Illustration of rotating-infalling gas toward a protostar. The abundance of sulfermonooxcyde is enhanced at the outer edge (colored blue) of a protoplenatry disk.
Credit: Image courtesy of National Astronomical Observatory of Japan
A new star is formed by gravitational contraction of an interstellar molecular cloud consisting of gas and dust. In the course of this process, a gas disk (protoplanetary disk), whose size is on the order of 100 AU, forms around the protostar and evolves into a planetary system. The Solar System was also formed in this way about 4.6 billion years ago, and life was eventually born on Earth. How unique in the Universe is the situation which happened for the Solar System? In order to answer this question, understanding the formation of protoplanetary disks as well as the associated chemical evolution in various star forming regions is essential. There have been extensive observational efforts made towards this goal. Until now, most of them have focused on changes in the physical structure and the kinematics during the formation process. However, it was very difficult to distinguish the protoplanetary disk from the infalling envelope clearly with such conventional approaches.
The chemical evolution associated with disk formation has scarcely been studied observationally because of the insufficient sensitivity and spatial resolution of previous radio telescopes. As a result, a chemical model calculation with many assumptions is the only approach. Naturally, the physical and chemical changes in the disk formation should be coupled with each other. The disk formation around a young protostar has now been explored from a novel point of view looking at physics and chemistry simultaneously.
L1527 in the Taurus molecular cloud is a molecular cloud core which harbors a young protostar. A global team led by Dr. Nami Sakai, the University of Tokyo, conducted high-sensitivity, high-spatial-resolution observations of L1527 with ALMA (Atacama Large Millimeter/submillimeter Array) newly constructed in the Atacama desert in Chile, and investigated the disk formation process by using the spectral lines of several molecules.
Sakai al. have found that carbon-chain molecules and their related species such as cyclic-C5H2 almost completely disappear from the gas phase inside a raius of 100 AU around the protostar. Precise measurements of the motion of the gas using the Doppler shift in the spectral lines of the gas components revealed that 100 AU corresponds to the radius of the centrifugal barrier. At this radius, infalling gas is stopped and accumulated due to the centrifugal force, and then is gradually transferred to the inner disk. Namely, this is the edge of the disk forming region. It has clearly been identified with the spectral line of cycle-C5H2.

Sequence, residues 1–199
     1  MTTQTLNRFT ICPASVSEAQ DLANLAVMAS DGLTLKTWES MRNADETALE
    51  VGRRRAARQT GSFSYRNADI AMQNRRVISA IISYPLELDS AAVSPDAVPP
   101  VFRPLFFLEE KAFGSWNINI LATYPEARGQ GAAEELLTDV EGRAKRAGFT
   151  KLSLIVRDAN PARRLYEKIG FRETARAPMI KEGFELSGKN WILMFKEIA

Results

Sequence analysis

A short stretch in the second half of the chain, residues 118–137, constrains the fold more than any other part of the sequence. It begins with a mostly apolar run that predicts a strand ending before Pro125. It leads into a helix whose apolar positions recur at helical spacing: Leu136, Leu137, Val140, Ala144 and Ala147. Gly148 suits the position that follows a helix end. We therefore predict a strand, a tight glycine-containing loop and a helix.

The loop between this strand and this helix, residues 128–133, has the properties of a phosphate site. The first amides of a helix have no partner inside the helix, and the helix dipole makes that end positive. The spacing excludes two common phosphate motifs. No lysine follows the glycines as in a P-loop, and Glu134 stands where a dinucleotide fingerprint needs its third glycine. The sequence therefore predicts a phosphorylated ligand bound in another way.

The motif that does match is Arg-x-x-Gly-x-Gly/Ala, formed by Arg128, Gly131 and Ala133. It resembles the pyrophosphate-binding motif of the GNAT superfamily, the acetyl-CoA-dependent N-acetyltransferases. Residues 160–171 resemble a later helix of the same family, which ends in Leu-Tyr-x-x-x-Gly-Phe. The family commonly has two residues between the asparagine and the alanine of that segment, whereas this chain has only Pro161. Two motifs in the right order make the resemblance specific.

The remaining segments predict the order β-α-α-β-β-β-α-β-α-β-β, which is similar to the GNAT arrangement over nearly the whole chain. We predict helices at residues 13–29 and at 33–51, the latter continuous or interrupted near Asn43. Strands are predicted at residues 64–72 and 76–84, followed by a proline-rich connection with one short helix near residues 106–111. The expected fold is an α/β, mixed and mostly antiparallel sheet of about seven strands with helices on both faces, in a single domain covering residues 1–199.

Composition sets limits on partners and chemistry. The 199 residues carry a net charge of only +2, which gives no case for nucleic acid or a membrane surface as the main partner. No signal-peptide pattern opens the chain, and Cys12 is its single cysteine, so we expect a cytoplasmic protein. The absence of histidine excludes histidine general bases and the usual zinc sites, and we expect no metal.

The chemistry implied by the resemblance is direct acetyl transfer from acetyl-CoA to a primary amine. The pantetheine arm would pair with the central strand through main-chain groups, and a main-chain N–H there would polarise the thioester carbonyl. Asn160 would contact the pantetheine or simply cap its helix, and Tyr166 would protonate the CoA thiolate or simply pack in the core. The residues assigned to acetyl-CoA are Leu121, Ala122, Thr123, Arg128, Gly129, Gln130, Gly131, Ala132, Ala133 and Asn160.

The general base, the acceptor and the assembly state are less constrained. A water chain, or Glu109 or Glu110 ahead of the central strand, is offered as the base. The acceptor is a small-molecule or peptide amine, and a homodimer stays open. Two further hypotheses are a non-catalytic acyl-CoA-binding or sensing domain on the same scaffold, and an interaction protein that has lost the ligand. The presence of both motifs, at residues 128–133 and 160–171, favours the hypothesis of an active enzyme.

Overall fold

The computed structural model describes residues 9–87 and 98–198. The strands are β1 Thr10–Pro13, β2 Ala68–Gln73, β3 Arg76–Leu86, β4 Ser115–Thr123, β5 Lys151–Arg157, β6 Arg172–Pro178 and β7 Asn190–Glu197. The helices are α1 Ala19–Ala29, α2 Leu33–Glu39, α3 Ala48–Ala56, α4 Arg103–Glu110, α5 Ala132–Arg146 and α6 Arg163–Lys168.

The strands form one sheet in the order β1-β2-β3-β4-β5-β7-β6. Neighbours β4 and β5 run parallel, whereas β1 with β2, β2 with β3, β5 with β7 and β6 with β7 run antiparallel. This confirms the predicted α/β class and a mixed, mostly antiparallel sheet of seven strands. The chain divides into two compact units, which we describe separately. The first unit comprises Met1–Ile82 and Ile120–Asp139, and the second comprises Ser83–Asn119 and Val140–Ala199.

On the other hand, the distribution of sulfur monoxide molecules (SO) is found to be localized in a ring structure located at the radius of the centrifugal barrier (100 AU). Furthermore, the temperature of the SO molecules is found to be higher than that of the infalling gas. This means that the infalling gas probably causes a weak shock when in rushes into the outer edge of the disk at the centrifugal barrier. The gas temperature is raised around this radius, and the SO molecules frozen on dust grains are liberated into the gas phase. Hence, the spectral line of SO also highlights the disk-formation front. Since the density of the disk is 108 cm-5 or higher, most of the molecules are frozen out onto dust grains in the disk after they pass through the front.
It had not been anticipated that such a drastic chemical change occurred in the transition zone between the infalling envelope and the inner disk. The disk formation and the associated chemical change have successfully been detected by observations of the two chemical species, cyclic-C5H2 and SO.
This study has demonstrated a drastic change in chemical composition associated with disk formation around the young protostar. With a coupled view of physics and chemistry, it has also succeeded in highlighting the outermost part of the disk where the gas is still accreting. This success was realized by high-sensitivity and high-spatial-resolution observations with ALMA, and such a study will be extended to other various star-forming regions. In particular, it is very interesting to examine how widely applicable the picture seen in L1527 is to other star-forming regions. Although many observational efforts aimed at understanding planetary-system formation have been made, this study is novel in focusing on the chemical change.
By extending this new method to various solar-type protostars using ALMA, the diversity and generality of the chemical evolution from interstellar matter to planetary matter will be unveiled within the next few years. Then, we can critically examine whether the Solar System experienced this drastic chemical change. In parallel to the astronomical approach, the origin of the Solar System is being investigated by exploring the Solar System itself through microanalyses of meteorites, spectroscopy of comets, sample return missions to the asteroids, and so on. The present study will also have a strong impact on these studies by tracing the origins back to interstellar clouds.
Nami Sakai, Takeshi Sakai, Tomoya Hirota, Yoshimasa Watanabe, Cecilia Ceccarelli, Claudine Kahane, Sandrine Bottinelli, Emmanuel Caux, Karine Demyk, Charlotte Vastel, Audrey Coutens, Vianney Taquet, Nagayoshi Ohashi, Shigehisa Takakuwa, Hsi-Wei Yen, Yuri Aikawa, Satoshi Yamamoto.Change in the chemical composition of infalling gas forming a disk around a protostar. Nature, 2014; DOI:10.1038/nature13000